[Federal Register Volume 79, Number 7 (Friday, January 10, 2014)]
[Notices]
[Pages 1879-1882]
From the Federal Register Online via the Government Printing Office [www.gpo.gov]
[FR Doc No: 2014-00257]


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DEPARTMENT OF HEALTH AND HUMAN SERVICES

Food and Drug Administration

[Docket No. FDA-2013-N-1485]


Unapproved and Misbranded Oral and Injectable Drugs Labeled for 
Prescription Use Containing Codeine Sulfate, Codeine Phosphate, or 
Dihydrocodeine Bitartrate; Enforcement Action Dates

AGENCY: Food and Drug Administration, HHS.

ACTION: Notice.

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SUMMARY: The Food and Drug Administration (FDA or the Agency) is 
announcing its intention to take enforcement action against unapproved 
and misbranded oral and injectable drug products labeled for 
prescription use and containing codeine sulfate, codeine phosphate, or 
dihydrocodeine bitartrate, and against persons who manufacture or cause 
the manufacture or distribution of such products in interstate 
commerce. Prescription drug products containing these ingredients pose 
serious risks, including the risk of addiction, and some unapproved 
drug products may lack warnings or other information required in the 
labeling of approved drug products that is important for safe use. 
These unapproved drug products compete with approved drug products and 
thus pose a direct challenge to the drug approval system. This document 
covers the following unapproved drug products labeled for prescription 
use: Single-ingredient codeine sulfate oral tablets and solutions, 
single-ingredient codeine phosphate injection products, fixed-dose 
combination products containing codeine phosphate, and fixed-dose 
combination products containing dihydrocodeine bitartrate. A new drug 
containing codeine sulfate, codeine phosphate, or dihydrocodeine 
bitartrate requires an approved new drug application (NDA) or 
abbreviated new drug application (ANDA) to be legally marketed.

DATES: This document is effective January 10, 2014. For information 
about enforcement dates, see the SUPPLEMENTARY INFORMATION, section IV.

ADDRESSES: All communications in response to this document should be 
identified with Docket No. FDA-2013-N-1485 and directed to the 
appropriate office listed in this ADDRESSES section:
    Applications under section 505(b) of the Federal Food, Drug, and 
Cosmetic Act (the FD&C Act) (21 U.S.C. 355(b)): Division of Anesthesia, 
Analgesia and Addiction Products (for products with analgesic 
indications) or Division of Pulmonary, Allergy, and Rheumatology 
Products (for products with antitussive indications), Office of New 
Drugs, Center for Drug Evaluation and Research, Food and Drug 
Administration, 10903 New Hampshire Ave., Bldg. 22, Silver Spring, MD 
20993-0002.
    Applications under section 505(j) of the FD&C Act: Office of 
Generic Drugs, Center for Drug Evaluation and Research, Food and Drug 
Administration, 7519 Standish Pl., Rockville, MD 20855.
    All other communications: Astrid Lopez-Goldberg, Office of 
Unapproved Drugs and Labeling Compliance, Division of Prescription 
Drugs, Center for Drug Evaluation and Research, Food and Drug 
Administration, 10903 New Hampshire Ave., Bldg. 51, Rm. 5185, Silver 
Spring, MD 20993-0002.

FOR FURTHER INFORMATION CONTACT: Astrid Lopez-Goldberg, Center for Drug 
Evaluation and Research, Food and Drug Administration, 10903 New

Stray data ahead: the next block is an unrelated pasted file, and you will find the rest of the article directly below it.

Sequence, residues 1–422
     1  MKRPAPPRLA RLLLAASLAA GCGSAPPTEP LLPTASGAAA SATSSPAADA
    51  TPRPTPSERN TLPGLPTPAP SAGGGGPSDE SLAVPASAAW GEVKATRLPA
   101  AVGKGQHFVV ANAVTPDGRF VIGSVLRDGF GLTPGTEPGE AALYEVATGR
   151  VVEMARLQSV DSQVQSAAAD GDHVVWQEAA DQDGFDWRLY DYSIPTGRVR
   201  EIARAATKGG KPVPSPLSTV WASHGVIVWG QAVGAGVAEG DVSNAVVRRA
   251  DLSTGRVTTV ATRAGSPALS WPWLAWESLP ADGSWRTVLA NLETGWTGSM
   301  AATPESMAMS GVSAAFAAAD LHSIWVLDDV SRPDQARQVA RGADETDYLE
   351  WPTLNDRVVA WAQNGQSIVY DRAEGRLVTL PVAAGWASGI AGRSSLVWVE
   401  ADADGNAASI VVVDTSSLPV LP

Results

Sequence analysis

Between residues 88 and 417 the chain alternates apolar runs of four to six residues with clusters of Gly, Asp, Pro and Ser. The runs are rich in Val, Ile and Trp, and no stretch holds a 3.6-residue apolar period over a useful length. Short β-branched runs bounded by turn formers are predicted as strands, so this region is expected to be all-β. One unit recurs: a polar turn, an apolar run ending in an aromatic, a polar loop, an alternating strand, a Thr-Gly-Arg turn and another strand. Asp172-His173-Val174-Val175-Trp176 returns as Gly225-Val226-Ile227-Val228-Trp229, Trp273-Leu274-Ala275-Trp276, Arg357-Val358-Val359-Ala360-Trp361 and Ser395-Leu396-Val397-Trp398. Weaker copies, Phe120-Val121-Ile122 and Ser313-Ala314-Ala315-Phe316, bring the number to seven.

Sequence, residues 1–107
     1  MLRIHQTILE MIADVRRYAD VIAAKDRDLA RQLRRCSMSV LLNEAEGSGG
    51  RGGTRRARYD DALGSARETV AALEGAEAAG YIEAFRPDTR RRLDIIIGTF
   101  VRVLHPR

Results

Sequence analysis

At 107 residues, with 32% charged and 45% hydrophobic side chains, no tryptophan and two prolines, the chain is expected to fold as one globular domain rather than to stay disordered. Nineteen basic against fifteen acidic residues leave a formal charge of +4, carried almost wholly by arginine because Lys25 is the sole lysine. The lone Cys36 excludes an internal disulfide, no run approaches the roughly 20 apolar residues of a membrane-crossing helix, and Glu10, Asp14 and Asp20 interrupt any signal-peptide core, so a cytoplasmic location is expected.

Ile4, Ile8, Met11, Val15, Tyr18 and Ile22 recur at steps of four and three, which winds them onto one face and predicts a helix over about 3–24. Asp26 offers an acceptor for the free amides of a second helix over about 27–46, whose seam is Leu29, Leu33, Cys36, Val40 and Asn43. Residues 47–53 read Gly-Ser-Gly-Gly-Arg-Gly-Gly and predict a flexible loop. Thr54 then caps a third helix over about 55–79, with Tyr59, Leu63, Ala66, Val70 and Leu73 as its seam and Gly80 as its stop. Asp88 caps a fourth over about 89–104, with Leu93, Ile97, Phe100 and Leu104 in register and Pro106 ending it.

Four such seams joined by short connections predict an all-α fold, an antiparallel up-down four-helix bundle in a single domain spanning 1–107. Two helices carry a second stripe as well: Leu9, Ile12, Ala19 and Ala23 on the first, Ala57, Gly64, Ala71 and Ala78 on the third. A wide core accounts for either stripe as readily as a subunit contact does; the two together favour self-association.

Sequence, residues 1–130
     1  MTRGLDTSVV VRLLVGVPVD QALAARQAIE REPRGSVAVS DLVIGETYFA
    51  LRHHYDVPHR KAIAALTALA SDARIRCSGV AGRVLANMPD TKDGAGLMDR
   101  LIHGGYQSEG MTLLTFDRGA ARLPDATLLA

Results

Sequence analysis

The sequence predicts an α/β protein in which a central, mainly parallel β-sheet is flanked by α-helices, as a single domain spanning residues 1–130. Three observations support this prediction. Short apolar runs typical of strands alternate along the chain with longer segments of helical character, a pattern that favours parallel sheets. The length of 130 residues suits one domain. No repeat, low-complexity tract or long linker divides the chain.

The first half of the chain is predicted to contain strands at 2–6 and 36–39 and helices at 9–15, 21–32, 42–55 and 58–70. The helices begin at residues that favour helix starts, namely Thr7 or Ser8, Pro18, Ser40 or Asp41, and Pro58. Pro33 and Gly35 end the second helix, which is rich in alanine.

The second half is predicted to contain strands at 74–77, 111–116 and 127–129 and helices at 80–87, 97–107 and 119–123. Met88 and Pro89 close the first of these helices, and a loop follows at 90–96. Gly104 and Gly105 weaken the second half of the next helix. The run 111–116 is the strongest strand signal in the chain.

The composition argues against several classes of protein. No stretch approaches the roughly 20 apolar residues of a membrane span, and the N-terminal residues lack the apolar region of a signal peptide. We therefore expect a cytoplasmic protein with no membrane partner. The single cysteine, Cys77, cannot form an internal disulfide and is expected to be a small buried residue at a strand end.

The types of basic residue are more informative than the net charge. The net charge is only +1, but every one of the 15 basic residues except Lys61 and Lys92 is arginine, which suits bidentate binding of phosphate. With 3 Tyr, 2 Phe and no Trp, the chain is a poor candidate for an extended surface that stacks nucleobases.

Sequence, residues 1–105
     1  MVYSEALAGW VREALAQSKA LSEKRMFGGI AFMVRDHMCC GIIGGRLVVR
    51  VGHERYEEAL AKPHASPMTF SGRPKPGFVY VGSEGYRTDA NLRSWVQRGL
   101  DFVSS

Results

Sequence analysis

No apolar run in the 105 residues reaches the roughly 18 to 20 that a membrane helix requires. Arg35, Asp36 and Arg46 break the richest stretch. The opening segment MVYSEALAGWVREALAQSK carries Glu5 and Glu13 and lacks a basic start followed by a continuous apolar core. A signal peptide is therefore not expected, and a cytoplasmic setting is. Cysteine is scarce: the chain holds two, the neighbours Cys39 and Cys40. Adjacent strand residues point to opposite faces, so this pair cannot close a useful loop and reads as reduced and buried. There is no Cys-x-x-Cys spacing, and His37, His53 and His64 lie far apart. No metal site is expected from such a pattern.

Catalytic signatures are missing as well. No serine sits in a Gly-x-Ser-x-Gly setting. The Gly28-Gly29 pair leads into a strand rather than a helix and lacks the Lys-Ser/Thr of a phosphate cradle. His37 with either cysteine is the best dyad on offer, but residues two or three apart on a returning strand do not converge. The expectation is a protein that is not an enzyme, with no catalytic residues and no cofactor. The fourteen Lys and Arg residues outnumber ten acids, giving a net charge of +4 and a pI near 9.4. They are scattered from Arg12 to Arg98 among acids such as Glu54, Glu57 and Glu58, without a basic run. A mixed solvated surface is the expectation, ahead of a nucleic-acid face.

Hampshire Ave., Bldg. 51, Rm. 5185, Silver Spring, MD 20993-0002, 301-
796-3485, Astrid.LopezGoldberg@fda.hhs.gov.

SUPPLEMENTARY INFORMATION:

I. Background

    Codeine is an opioid used primarily as an analgesic to relieve pain 
or as an antitussive to treat coughs. Codeine sulfate and codeine 
phosphate are different salts of codeine, generally also for analgesic 
or antitussive use. Dihydrocodeine bitartrate is a chemical derivative 
of codeine and an opioid pain reliever that produces effects similar to 
those of codeine.
    Side effects are similar among all opioids and include light-
headedness, dizziness, drowsiness, headache, fatigue, sedation, 
sweating, nausea, vomiting, constipation, itching, and skin reactions. 
Serious adverse effects are respiratory depression, resulting in a slow 
breathing rate, and decreased blood pressure. Multiple active 
ingredients (including acetaminophen, aspirin, butalbital, caffeine, 
carisoprodol, promethazine, or phenylephrine) may be marketed in 
combination with codeine phosphate or dihydrocodeine bitartrate. Some 
of these fixed-dose combination products include more than one sedating 
component.
    Single-ingredient products containing codeine, such as codeine 
sulfate oral tablets and solutions, and codeine phosphate injection 
products, are schedule II narcotics (Sec.  1308.12 (21 CFR 1308.12)) 
under the Controlled Substances Act (21 U.S.C. 801 et seq.). Single-
ingredient prescription codeine sulfate oral tablets and a single-
ingredient prescription codeine sulfate oral solution are approved for 
the relief of mild to moderately severe pain. On October 13, 2009, the 
Agency issued four warning letters to companies manufacturing and/or 
marketing unapproved prescription codeine sulfate oral tablets.\1\ 
However, FDA is aware of at least one unapproved prescription codeine 
sulfate oral tablet that is still listed with FDA's Drug Registration 
and Listing System. Although FDA is unaware of any unapproved single-
ingredient codeine phosphate injection products on the market at this 
time, such products were on the market as recently as 2010.
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    \1\ Available at http://www.fda.gov/Drugs/GuidanceComplianceRegulatoryInformation/EnforcementActivitiesbyFDA/SelectedEnforcementActionsonUnapprovedDrugs/ucm238675.htm#codeine_sulfate.
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    Fixed dose combination products containing codeine phosphate are 
placed on different schedules under the Controlled Substances Act 
depending on their use:
     Fixed-dose combination products containing codeine, which 
are generally used as analgesics in pediatric and adult patients, are 
typically schedule III or schedule V drugs under the Controlled 
Substances Act depending on the amount of codeine contained in the drug 
(Sec. Sec.  1308.13 and 1308.15 (21 CFR 1308.13 and 1308.15)).\2\ FDA 
is aware of a safety concern with an unapproved fixed-dose combination